That was the week that was.

Actually ten days, but ‘those were the ten days that were’ doesn’t have quite the same ring to it.

About day five, Mark commented that this may be both the wettest and the most successful Taranaki garden festival in the long history of the event. The numbers were huge – three times what we expected in our garden. Apparently over one million of us travel overseas every year and with that coming to an abrupt halt, there are huge numbers of people suffering from cabin fever so getting out and about in our own country. Added to that, we were opening for the first time in seven years.

I was delighted to meet so many people who follow this site and on social media. So often people recognised things I have written about and commented on seeing them in real life. Some had more retentive memories than I have.

Sodden overflow carparking

But it rained. Almost every day and many nights. Not constantly but enough to have us awash at times. The carparking was challenging in the extreme. I used to think we could park 27 cars in our parking area if we managed it carefully but Brian – Carpark Volunteer Extraordinaire – achieved heady new heights when he managed to stack in 54 vehicles at the same time, all with access to an exit. That was before the rain rendered parts of the overflow grassed area unusable.

An aggressive tree stump biding its time – as it was a few weeks ago
The same stump after it snared its prey

Yet another large tree stump leapt out to trap an unsuspecting vehicle. Lloyd had to get the chainsaw out to free the car this time (he jacked up the previous car that stranded itself on a different tree stump earlier) so it is now a shadow of its previous self.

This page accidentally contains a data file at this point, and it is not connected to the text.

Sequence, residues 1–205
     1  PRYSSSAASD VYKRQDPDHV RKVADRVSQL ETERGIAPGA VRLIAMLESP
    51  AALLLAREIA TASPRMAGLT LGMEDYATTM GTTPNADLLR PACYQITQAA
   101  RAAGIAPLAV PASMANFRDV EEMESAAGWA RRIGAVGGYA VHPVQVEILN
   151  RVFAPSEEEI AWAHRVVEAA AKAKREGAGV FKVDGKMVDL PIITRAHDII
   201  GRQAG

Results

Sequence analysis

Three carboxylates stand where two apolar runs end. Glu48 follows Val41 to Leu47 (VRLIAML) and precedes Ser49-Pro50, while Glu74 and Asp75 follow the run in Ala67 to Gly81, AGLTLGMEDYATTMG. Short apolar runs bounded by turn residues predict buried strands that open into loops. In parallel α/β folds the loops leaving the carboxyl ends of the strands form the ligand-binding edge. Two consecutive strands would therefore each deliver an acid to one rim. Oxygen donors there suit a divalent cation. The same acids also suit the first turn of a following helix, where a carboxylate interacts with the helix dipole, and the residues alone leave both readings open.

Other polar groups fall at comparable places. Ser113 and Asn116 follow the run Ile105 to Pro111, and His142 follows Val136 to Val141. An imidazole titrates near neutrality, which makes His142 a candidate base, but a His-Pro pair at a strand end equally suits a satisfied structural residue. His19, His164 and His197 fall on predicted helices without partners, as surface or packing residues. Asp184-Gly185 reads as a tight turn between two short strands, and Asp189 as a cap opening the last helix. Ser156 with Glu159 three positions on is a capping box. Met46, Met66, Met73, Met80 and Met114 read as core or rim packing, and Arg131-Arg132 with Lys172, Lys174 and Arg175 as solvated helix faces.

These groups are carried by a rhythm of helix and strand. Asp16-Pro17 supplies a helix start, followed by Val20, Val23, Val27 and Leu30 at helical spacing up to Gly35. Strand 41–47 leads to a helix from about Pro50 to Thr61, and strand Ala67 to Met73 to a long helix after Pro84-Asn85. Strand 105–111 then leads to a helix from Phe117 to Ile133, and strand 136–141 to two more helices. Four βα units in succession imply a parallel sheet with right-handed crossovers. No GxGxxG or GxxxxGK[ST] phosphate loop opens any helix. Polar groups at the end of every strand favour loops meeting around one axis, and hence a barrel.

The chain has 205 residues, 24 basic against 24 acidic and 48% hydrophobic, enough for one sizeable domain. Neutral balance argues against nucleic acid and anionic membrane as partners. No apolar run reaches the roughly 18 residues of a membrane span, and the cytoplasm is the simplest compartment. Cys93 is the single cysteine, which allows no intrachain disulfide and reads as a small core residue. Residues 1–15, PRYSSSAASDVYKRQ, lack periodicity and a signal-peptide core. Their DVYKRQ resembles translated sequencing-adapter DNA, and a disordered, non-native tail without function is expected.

Blocking off some paths because of mud baths and opening others

We were barrowing out wood chip to muddy tracks and redirecting the routes in the park meadow, to close off tracks that had become mud baths.

Look at the number plate!
Rarely has a specialised tradesman been such a welcome sight

I had thought that with friends volunteering in the carpark and at the entry, Mark and I might get to swan around like lord and lady of the manor. Ha! Wishful thinking. My life is all glamour – or not. On Monday the septic tank that services our visitor toilets cried ‘enough’ and backed up and overflowed. This is not what anybody needs on a day with hundreds of visitors in the garden including a large coachload. All credit to the company that sent a man with a truck, a pump and hose out within a few hours. I decided this event was best described as a poocalypse. The operator was a tad surprised at my enthusiastic response, commenting that it was a warmer welcome than he gets from his wife. I hasten to add that it was all smiles and words; I did not embrace this man, despite my relief at his appearance.

Dudley, settling into his new role at the garden entrance

Dudley came to us an adult dog – an SPCA rehome – five years ago after we had closed the garden, so this was his first festival. He took to it like a duck to water. He is very food-focused, our Duds. Despite being a well-upholstered dog, he suffers permanent anxiety about where his next meal might come from so he was delighted to find that most garden visitors who have food will share it with him. As he took to checking all car boots when they were opened, we couldn’t decide whether to confer the new title of Carpark Liaison Officer on him, or perhaps Biosecurity Manager.

Dudley in his element

Geriatric Spike is an old hand at such events but now past the role of greeting visitors. He would lurch out to make a guest appearance from time to time but being stone deaf, somewhat unsteady and with acute dementia, he caused us great anxiety each time he found himself in the busy carparking area. I lost count of how many times I carried him back to his beds in the house. We can’t shut him in because he needs the door open at all times to carry out frequent bodily functions. And because he came to us as a chained dog (another rescue dog), we have never tied him up again so that was not an option.